A spectre is haunting the internet—the spectre of Open Sarcasm.
Of late, the forces of Big Sarcasm have brought forth onto the internet the idea that sarcasmists everywhere must license and download their proprietary new “punctuation”—called the “SarcMark”®—in order to clarify sarcasm in their writing.
A growing chorus of voices has joined together to decry this idea. It is high time that Open Sarcasmists should openly, in the face of the whole world, publish their views, their aims, their tendencies, and meet this nursery tale of the Spectre of Open Sarcasm with a manifesto of the punctuation itself.
To this end, Open Sarcasmists of various nationalities have assembled in Brooklyn and sketched the following manifesto, to be published in the English, French, German, Italian, Flemish (coming soon), and Danish (coming soon) languages.
I. On Sarcasm as a Neglected Mode of Expression
Consider the following claim of Sarcasm, Inc.:
Stand Up For Sarcasm – It needs a punctuation mark. Let your voice and written word be heard across the country, the continent, and the world.
Don’t questions have one???
Exclamations have them!!!
Equal Rights for Sarcasm – Use the SarcMark®
The founders of Sarcasm, Inc., seem to be unaware a proper punctuation mark for sarcasm already exists in the Ethiopic writing system. From A Roadmap to the Extension of the Ethiopic Writing System Standard Under Unicode and ISO-10646 (PDF, via wikipedia), produced at the 15th International Unicode Conference in 1999:
Ethiopic Sarcasm Mark ¡ Temherte Slaqî
Graphically indistinguishable from U+00A1 (¡) Temherte Slaqî differs in semantic use in Ethiopia. Temherte Slaqî will come at the end of a sentence (vs at the beginning in Spanish use) and is used to indicate an unreal phrase, often sarcastical in editorial cartoons. Temherte Slaqî is also important in children’s literature and in poetic use.
Indeed, a certain Joshua Greenman encouraged us to adopt this very symbol to punctuate sarcasm back in 2004, though he seems to have not known of its Ethiopic origins and misguidedly thought that he could copyright the symbol:
And since I’m going to copyright this bugger, you’ll have to type¡© But don’t worry. You can take the copyright symbol ironically.
He later turned to the side of the revolution by refuting the idea of trademarking punctuation in a later article about the introduction of SarcMark:
First, trademarking a punctuation mark—trying to own the very stuff of thought—is like patenting a DNA strand. It’s messing with the very stuff of life. Get out of my head, evil corporate overlords.
Although we admire the fire with which Comrade Josh has adopted the revolutionary spirit, we wonder if he knows how frequently DNA is already patented.
To return again to the point of our manifesto: Despite the historic usage of ¡ to express sarcasm, the creators of the SarcMark® would encourage us to abandon this ancient punctuation for in favor of their creation. Section III will explore in further detail the impetus for this transition, while Section II will cover the merits of new “punctuation” developed by Big Sarcasm.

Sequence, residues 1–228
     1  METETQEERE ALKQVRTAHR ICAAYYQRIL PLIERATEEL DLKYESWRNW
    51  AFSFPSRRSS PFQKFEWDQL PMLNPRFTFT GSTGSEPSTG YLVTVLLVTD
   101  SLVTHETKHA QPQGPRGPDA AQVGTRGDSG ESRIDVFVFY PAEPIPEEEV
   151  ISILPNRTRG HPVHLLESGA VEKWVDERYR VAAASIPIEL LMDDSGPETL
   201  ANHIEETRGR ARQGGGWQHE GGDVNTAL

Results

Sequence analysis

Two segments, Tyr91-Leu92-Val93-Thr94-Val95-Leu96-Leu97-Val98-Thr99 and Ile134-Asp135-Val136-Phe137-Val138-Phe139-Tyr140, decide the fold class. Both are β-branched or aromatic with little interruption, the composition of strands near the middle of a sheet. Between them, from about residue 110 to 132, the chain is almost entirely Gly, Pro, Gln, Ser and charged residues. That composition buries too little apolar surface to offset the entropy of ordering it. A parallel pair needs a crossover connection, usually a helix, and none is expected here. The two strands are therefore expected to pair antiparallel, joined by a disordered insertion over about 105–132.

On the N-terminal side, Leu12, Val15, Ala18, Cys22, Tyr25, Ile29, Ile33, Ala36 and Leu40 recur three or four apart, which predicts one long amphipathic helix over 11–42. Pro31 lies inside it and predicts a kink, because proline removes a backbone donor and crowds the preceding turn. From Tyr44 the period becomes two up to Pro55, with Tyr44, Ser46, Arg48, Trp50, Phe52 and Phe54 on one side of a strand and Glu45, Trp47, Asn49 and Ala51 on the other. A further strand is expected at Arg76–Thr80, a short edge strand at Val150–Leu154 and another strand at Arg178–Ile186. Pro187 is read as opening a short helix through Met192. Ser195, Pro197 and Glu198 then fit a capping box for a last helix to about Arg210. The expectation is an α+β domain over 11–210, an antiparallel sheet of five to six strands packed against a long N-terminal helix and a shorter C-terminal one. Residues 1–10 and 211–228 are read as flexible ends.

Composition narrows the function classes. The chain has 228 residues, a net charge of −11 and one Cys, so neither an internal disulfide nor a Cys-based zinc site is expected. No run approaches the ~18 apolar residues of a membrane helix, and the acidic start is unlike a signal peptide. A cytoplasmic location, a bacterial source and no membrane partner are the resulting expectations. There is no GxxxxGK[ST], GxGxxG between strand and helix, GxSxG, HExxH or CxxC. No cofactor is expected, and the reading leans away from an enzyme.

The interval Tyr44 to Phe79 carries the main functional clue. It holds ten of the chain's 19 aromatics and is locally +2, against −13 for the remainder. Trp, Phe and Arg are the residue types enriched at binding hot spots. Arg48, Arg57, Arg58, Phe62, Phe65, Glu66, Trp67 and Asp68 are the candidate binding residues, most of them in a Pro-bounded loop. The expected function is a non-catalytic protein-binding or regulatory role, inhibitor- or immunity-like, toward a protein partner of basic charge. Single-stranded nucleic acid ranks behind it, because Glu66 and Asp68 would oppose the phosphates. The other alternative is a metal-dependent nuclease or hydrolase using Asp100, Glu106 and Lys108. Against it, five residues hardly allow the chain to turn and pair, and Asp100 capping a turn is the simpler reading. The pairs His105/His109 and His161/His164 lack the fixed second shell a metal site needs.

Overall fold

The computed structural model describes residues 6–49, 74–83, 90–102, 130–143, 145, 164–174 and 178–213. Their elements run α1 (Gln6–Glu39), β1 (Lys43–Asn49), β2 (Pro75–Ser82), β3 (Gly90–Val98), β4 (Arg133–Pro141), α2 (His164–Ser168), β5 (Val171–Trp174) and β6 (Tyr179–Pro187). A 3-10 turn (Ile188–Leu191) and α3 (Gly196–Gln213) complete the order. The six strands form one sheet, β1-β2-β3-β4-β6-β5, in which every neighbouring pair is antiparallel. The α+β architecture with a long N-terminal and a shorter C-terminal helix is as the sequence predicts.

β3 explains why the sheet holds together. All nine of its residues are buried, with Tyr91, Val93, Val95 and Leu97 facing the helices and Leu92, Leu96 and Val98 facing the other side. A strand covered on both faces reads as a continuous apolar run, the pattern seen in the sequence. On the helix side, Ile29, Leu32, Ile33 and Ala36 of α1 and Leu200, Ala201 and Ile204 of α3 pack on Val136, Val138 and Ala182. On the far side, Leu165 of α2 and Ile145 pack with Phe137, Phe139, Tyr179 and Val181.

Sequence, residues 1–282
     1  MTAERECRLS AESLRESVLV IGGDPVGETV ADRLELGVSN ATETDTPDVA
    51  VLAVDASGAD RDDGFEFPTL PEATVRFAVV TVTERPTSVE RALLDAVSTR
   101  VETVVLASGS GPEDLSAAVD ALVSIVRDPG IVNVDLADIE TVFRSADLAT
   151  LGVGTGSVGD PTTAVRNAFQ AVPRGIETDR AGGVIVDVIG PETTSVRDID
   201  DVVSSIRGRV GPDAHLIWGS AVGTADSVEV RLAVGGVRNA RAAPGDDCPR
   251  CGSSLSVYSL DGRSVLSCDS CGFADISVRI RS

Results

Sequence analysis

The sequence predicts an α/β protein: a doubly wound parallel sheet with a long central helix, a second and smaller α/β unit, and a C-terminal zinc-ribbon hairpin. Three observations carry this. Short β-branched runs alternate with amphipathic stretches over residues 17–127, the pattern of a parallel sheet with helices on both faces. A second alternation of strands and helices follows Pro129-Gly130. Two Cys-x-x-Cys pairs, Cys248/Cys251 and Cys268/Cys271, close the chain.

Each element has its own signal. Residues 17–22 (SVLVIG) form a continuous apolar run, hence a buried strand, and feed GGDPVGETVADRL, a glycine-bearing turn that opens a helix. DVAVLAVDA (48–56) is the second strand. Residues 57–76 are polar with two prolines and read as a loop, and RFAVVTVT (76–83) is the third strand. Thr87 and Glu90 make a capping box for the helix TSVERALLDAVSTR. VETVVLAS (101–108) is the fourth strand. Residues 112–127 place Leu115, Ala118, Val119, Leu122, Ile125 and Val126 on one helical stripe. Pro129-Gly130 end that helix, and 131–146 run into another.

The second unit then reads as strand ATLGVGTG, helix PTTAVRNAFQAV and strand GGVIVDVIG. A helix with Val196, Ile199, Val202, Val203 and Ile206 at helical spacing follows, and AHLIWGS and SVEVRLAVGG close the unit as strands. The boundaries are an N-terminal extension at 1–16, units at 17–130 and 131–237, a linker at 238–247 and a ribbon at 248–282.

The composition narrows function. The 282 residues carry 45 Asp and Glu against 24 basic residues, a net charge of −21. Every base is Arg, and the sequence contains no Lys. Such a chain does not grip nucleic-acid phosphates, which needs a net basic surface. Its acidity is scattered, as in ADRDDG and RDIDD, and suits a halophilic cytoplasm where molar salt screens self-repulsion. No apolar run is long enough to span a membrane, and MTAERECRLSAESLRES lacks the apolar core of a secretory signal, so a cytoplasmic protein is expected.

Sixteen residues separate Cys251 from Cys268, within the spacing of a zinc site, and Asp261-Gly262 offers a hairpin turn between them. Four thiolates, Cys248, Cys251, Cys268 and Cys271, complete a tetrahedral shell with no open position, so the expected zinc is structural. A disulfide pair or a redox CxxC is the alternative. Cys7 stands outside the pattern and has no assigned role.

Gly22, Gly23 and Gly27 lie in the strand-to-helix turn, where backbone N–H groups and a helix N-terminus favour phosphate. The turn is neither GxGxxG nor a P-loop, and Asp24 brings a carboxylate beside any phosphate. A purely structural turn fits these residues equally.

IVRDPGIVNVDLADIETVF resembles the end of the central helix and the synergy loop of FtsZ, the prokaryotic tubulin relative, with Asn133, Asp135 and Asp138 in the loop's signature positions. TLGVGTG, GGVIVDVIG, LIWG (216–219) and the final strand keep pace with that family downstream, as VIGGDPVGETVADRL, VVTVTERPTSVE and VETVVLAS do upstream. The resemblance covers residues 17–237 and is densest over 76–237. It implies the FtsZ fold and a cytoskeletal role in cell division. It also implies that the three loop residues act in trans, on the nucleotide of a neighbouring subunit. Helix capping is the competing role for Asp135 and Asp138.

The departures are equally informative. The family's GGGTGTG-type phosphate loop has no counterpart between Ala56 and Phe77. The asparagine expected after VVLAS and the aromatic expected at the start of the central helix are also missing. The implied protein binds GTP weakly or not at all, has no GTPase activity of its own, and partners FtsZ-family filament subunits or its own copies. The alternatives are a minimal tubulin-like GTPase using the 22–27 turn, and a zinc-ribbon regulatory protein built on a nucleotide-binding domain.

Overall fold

II. On Developers Creating New Forms of Punctuation Without Consulting Typography Experts
Yeah. They shouldn’t do that.
III. On Communicating Sarcasm in a Licensed, Proprietary Format
Sarcasm, Inc., claims that they are promoting “Equal Rights for Sarcasm,” writing:
In today’s world with increasing commentary, debate and rhetoric, what better time could there be than NOW, to ensure that no sarcastic message, comment or opinion is left behind.
However, by insisting that sarcasm be transmitted through their proprietary format, which is not compliant with the standards put forth by the World Wide Web Consortium and the Unicode Consortium, they are in fact segregating and discriminating against sarcasm. You can ask a question or make an exclamation for free, but for sarcasm, you will be charged!
Furthermore, true punctuation must be supported by unicode so it can be transmitted digitally in an industry standard format. A proprietary, licensed SarcMark® ensures that visually impaired readers will be unable to interpret sarcasm expressed through the SarcMark®, and restricts the use of sarcasm by impoverished authors who cannot afford to pay Sarcasm, Inc.’s outrageous licensing fee.
So to what end should sarcasmists abandon the ancient, standards-complaint ¡ for the hideous SarcMark ®? Only to line the pockets of Big Sarcasm.
[Big Sarcasm illustration courtesy I Can Has Cheezburger]
This state of affairs is deeply wrong and must be corrected with a return to ¡ as the free, open-source, standards-compliant punctuation for sarcasm.
In short, the Open Sarcasmists everywhere support every revolutionary movement against the existing punctionational order of things.
The Open Sarcasmists disdain to conceal their views and aims. They openly declare that their ends can be attained only by the forcible overthrow of all existing punctuational conditions. Let the ruling “punctuations” tremble at an Openly Sarcastic revolution. The users of licensed “punctuation” have nothing to lose but their chains. They have a world to mock.